Is Bangkok transport safe for getting around and what are the different kinds of transport? Bangkok is a big, bold, capital city, and being at the heart of Southeast Asia it is also diverse and busy! Covering over 1,500 square kilometres there’s a lot of the city to explore, whether on your own, in a group or on a mission as part of our Amazing Race events.
Public transportation is rated to be much safer than any other mode of transportation. Let’s take a look at the different methods of transportation and which should be the safest.
Bangkok Transportation Safety – Trains
BTS Skytrain – Bangkok Mass Transit System
It’s clean, efficient and easy to navigate, and more importantly, it’s fast! Running on two lines throughout the city’s main areas and over the river and beyond. When road traffic has come to a standstill you are best getting the Skytrain. Plans began for this system back in the early ’80s and it was opened in 1999.
Access is via escalators or stairs and there is a lift for the elderly or physically disabled. Tickets are bought from machines or kiosks located at each access gate. We found if you are going to 3 or more stations/locations it’s best to buy a one day pass. Not only does this save money, but during rush hour it avoids those extra long queues.
When using a one day pass passengers simply slide the card across the top of the entree gate machine. A one day pass can be used up to midnight. There is also a BTS connection from Suvarnabhumi International Airport making it quick, convenient and a way to avoid the taxi queues.
It’s best to avoid using the BTS during rush hour from around 7.30 – 8.30 am and 5.50 – 6.30 pm as it becomes too crowded.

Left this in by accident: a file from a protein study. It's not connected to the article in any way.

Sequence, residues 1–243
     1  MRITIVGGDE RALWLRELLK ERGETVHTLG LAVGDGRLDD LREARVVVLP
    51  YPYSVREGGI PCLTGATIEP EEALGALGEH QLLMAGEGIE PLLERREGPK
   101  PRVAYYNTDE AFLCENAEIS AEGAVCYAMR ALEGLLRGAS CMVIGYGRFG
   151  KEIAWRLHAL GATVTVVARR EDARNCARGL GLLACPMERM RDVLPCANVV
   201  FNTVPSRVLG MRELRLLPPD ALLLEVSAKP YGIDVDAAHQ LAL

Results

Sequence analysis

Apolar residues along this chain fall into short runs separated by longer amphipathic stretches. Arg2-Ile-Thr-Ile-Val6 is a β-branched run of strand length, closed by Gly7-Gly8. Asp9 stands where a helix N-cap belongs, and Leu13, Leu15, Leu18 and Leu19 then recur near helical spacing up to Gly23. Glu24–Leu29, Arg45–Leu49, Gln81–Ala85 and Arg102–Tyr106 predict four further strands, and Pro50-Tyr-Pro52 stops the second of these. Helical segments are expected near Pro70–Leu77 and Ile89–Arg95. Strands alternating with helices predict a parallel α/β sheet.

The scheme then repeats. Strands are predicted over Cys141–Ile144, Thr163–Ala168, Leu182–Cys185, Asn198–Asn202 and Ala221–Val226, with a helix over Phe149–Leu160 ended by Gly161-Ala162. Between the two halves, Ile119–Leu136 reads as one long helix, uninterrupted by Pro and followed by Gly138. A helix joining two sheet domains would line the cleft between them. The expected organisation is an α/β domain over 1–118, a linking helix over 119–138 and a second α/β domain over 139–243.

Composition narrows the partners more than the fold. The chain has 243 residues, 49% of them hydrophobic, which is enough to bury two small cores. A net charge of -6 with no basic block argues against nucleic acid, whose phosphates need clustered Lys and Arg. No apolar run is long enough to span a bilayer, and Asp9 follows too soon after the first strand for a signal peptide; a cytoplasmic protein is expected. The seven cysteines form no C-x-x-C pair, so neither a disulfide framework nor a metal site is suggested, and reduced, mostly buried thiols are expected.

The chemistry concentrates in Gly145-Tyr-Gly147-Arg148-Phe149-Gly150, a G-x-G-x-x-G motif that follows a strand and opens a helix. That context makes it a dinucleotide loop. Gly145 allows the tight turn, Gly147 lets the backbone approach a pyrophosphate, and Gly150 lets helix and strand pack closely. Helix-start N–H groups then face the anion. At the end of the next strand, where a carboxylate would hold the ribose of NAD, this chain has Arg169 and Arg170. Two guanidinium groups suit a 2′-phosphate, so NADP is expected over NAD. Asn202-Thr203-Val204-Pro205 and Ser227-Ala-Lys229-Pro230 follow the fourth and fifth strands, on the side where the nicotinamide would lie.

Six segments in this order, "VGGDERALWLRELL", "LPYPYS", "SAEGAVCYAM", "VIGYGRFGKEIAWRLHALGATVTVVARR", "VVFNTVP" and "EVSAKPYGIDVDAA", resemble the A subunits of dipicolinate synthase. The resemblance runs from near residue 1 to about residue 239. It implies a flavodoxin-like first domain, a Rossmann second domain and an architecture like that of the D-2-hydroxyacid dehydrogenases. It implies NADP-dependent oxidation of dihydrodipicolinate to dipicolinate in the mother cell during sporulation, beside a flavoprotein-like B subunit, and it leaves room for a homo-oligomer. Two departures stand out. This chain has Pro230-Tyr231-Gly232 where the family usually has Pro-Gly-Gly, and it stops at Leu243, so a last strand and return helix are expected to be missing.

MRT – Metropolitan Rapid Transit
As well as going overground you can avoid the chaotic roads by heading underground. The MRT line crosses the BTS at Asok and there’s a short walk between the two stations at BTS Sala Daeng and MRT Silom using the skywalks. Between the two you can cover most of the city.
It works the same way as the BTS and was fully launched in 1988. Unlike the BTS all stations are equipped with restrooms, and the stations they operate between 5:30 am to 1:00 am daily.
Bangkok Transportation Safety – Using The Roads
Bangkok Taxis and Safety
Unless you’re pushed for time, it’s rush-hour, raining or a Friday, flag down a cab. Taxis are not recommended during rush hour. Always make sure the meter is running (required by law) and if for any reason you don’t feel at ease with the driver, jump out and hail another.
The city has no shortage of cabs unless you’re heading for a tourist hot-spot. You need to have some idea of the area you’re heading to as surprisingly, most taxi drivers only know certain parts of the city. All taxis have a surcharge and the biggest problem could be communication as many speak very little English.
We suggest avoiding taxis parked outside hotels and tourist area hotspots as many will attempt to fix a set fee without using the meter.
Tuk Tuks – Three Wheelers and Safety
Ideal for those ‘just around the corner’ trips, these small auto-rickshaws are fast, fun, and a little hair-raising at times. A tuk-tuk has become an icon and the most recognisable transportation feature of Bangkok. They’re perfect for nipping in between traffic lanes and cars in the tourist areas such as Chinatown, but remember if it’s a 10-minute ride it shouldn’t cost more than about 60-80 THB. Prices are usually inflated by the driver and you need to negotiate and haggle with him to get the price down.
If this is your first time in Bangkok a tuk-tuk ride would be a fun experience but you’ll soon discover it could be a lot cheaper using a taxi or train.
For safety, we wouldn’t recommend using them in rush hour as you would be breathing in the hazardous fumes from other engines around you especially the buses!